I brought them back to the library and put them in the Careers room, sorting out mail that was addressed to me and holding it back. I said goodbye to Elizabeth and Vivien, and went back down the corridor to the advertising agency. Opening the door, I suddenly realised that my manager and I were supposed to catch up over an hour ago. I rushed to his desk and apologised. He said it was fine, looked at the clock, realised he still had some spare time, and we went into a meeting room to talk. My manager ordered pizza; the girl who delivered it was French, studying history at university. She had long black hair and was very friendly, nattering on at me about how interesting her subject was.
We switched to speaking French and I told her I’d always been interested in history but had never managed to make a career from it. I wished her luck and switched back to speaking English, for my manager’s sake. She looked a bit offended, stood up and left quickly.
My manager and I chatted for a while, mainly about how his family was doing, and then he asked whether there was anything that he should know about what had happened when he’d been away. I said it’d been pretty quiet, and then he realised it was time for him to be in another meeting anyway. “Good to catch up, Scar” he said, standing up and moving toward the door.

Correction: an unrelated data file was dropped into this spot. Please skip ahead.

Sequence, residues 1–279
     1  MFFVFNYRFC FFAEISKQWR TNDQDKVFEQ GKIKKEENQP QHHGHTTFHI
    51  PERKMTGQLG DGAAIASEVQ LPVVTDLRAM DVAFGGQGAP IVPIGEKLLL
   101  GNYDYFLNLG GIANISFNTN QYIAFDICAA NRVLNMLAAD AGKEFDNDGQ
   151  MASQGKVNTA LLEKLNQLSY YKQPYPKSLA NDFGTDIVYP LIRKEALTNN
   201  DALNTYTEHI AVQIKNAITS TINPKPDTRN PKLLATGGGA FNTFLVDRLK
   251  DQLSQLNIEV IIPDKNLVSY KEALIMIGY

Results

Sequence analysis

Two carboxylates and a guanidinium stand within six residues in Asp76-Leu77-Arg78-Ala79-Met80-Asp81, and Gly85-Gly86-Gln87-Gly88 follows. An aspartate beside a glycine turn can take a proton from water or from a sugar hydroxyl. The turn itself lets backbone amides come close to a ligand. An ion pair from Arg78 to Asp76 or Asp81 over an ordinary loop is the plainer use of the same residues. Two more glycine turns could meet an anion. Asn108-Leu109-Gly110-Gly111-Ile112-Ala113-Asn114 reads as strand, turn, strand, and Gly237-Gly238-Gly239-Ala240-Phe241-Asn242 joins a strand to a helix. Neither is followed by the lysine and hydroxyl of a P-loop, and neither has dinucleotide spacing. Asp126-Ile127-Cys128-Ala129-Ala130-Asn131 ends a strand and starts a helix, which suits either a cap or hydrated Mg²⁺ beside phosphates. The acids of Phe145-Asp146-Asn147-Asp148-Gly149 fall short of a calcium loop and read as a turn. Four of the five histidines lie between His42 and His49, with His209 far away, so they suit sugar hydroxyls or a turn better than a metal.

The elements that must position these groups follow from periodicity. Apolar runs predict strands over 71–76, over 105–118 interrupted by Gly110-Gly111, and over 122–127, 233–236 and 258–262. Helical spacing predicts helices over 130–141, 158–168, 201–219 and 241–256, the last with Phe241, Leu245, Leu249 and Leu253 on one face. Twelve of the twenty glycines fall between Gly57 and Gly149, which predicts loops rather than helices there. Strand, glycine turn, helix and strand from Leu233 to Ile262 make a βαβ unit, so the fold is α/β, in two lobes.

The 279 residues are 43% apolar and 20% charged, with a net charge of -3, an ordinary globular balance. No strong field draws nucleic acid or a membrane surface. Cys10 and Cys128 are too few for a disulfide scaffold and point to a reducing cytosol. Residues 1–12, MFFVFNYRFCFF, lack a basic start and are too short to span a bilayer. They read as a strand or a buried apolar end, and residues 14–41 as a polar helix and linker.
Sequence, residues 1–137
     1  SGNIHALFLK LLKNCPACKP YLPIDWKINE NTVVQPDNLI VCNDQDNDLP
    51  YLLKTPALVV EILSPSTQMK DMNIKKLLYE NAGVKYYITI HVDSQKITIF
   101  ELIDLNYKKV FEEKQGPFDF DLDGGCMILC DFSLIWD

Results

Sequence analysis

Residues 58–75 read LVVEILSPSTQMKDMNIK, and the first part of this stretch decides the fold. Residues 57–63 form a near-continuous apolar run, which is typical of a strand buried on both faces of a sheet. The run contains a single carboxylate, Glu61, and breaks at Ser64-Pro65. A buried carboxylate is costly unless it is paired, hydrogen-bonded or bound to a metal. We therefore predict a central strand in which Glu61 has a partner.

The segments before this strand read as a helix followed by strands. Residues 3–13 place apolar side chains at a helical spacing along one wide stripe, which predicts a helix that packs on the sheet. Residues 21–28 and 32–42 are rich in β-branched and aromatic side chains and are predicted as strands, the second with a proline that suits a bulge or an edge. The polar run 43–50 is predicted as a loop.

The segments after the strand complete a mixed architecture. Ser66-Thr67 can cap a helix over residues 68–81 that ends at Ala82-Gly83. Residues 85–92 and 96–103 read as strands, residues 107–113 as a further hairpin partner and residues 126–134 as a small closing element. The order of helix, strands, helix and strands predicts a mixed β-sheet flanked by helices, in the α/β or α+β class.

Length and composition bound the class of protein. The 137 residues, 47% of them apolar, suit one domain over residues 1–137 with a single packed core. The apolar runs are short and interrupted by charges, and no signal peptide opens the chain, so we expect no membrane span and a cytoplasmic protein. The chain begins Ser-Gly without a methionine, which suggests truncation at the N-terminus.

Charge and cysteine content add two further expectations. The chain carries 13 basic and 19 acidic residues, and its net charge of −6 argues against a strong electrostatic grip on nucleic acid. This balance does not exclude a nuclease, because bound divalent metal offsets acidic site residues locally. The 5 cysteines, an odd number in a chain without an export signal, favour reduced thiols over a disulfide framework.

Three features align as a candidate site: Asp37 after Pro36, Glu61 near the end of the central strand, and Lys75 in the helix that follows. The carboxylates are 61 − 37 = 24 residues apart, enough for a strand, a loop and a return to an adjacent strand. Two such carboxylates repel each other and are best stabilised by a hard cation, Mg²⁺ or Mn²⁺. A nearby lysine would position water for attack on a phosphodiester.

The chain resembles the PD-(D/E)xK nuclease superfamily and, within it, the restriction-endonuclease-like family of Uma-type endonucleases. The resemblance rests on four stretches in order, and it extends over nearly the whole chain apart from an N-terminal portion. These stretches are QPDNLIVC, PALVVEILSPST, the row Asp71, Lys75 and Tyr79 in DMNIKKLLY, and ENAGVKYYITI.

I picked up my mail from where I’d left it on the desk and prepared to leave with him. I noticed two things at the top that didn’t look like normal mail: a folded-over piece of notepaper, and an envelope that looked like it’d been addressed by our overall boss. I picked it up and lifted the flap of the envelope. On the inside of the flap, pencilled in capital letters, were the words “[Daughter’s Name] died this morning” followed by a date. I closed the flap and leaned on the desk. My manager looked at me worriedly. “Shouldn’t have opened that one” I said, trying to laugh.
I fled the room as inconspicuously as I could and made my way down the corridor, looking for somewhere I could sit and read the letter undisturbed. I bumped into Vivien, who’d been told that she had to go and help the coal man bring coal to the fireplaces along Corridor A. “Surely that’s the whole reason we have a coal man, though, so that we don’t have to do that?” I asked, linking arms with her as we walked in the same direction. Internally I was marvelling at my ability to seem normal.